MICF - Alex Edelman: Just For Us | Melbourne comedy festival review by Steve Bennett
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MICF - Alex Edelman: Just For Us

Melbourne comedy festival review by Steve Bennett

Alex Edelman has gone fully Louis Theroux in Just For Us – by attending a meeting of Nazis in New York. That’s quite a ballsy move for a liberal, arty Jew, educated in a traditional yeshiva, to head into the heart of darkness.

This enticing look into the everyday activity of a racist underbelly comes from his new zeal for addressing social politics in his work, a change of direction from his silly gags and millennial self-absorption that was apparently inspired by the issue-driven stand-up of Bridget Christie

But the first-hand experiences give his observations an intensity, and a fascination, beyond a simple parroting of left-wing attitudes – and is certainly several steps up from his usual practice of playfully trolling the haters online.

His execution to the alt-right hangout also highlights his specific place in the world. Being Jewish he’s an outsider. But he also has all the sense of entitlement that being a white man bestows. The sort of entitlement, as he points out, that allows him to walk into a room full of white supremacists and assume he’ll be OK.

Sitting on this cusp gives Edelman an interesting insight, and he got the know-how to illuminate the issues, as well as making them stingingly funny. He’s a skilled storytelling, knowing just what to reveal and just what to hold back, and making us feel the jeopardy of what might happen if the group learned his heritage. Meanwhile, he sometimes gets carried away with his instinct to want to fit in socially, forgetting just what that present company comprises.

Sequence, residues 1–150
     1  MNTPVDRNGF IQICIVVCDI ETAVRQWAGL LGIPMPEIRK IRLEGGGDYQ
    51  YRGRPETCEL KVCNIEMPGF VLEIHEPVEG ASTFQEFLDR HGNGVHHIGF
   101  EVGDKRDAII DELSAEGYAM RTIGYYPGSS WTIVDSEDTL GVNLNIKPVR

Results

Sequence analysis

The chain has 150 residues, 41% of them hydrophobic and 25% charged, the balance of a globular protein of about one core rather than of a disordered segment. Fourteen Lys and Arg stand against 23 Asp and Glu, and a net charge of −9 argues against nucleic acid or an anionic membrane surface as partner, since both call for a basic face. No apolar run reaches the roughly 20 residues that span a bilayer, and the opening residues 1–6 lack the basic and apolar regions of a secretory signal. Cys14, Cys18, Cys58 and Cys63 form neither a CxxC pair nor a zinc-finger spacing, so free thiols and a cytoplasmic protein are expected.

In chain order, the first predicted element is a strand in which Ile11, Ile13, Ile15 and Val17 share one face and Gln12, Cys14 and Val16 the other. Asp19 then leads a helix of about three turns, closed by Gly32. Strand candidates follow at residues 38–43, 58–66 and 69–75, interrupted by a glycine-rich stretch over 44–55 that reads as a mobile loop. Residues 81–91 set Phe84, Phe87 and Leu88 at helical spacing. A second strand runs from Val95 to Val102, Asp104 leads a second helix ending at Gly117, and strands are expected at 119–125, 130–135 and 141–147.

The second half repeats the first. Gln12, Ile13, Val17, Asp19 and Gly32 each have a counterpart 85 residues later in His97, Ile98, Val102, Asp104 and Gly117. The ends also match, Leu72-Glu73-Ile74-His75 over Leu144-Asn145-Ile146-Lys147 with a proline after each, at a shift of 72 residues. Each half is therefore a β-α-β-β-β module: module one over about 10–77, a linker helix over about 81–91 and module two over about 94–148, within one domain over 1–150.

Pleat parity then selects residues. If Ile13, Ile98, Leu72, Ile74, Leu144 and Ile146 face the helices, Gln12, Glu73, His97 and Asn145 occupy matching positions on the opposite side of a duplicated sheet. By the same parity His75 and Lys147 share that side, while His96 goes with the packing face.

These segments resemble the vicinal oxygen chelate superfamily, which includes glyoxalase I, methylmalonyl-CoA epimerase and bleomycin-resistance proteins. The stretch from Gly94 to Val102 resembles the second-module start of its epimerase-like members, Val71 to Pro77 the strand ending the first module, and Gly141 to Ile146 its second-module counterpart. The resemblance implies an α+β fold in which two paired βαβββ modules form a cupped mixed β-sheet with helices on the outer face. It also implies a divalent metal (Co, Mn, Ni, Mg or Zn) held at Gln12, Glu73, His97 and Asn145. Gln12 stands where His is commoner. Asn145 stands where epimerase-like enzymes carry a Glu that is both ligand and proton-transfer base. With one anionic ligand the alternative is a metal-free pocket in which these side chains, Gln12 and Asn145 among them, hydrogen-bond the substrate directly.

Edelman also talks engaging and slightly indiscreetly about the benefit of his white privilege, not least finding himself rubbing shoulders with Prince William at the Baftas, having landed a writing job on the awards show from working with its host Stephen Fry on short-lived US sitcom The Great Indoors. Yet the privilege is not so intact that he felt at home with the VIPs, and his cringe-inducing exchanges with royalty are a delight.

Although he protests this show is still in a nascent form, it is robustly put together, with a relevancy and a currency to today’s world. One diversion encompasses his unconcealed disdain for parents who shun science and don’t vaccinate their babies, to add an extra strand of social conscience, although another tangent about his brother competing in the skeleton for Israel at the Winter Olympics is a little more tacked-on.

Each routine is told with the impeccable rhythm and pin-sharp punchlines we’ve come to expect from this ruthless comedy technician, while the Nazi-watching story provides the perfect narrative core… and payoff.

Review date: 12 Apr 2018
Reviewed by: Steve Bennett
Reviewed at: Melbourne International Comedy Festival

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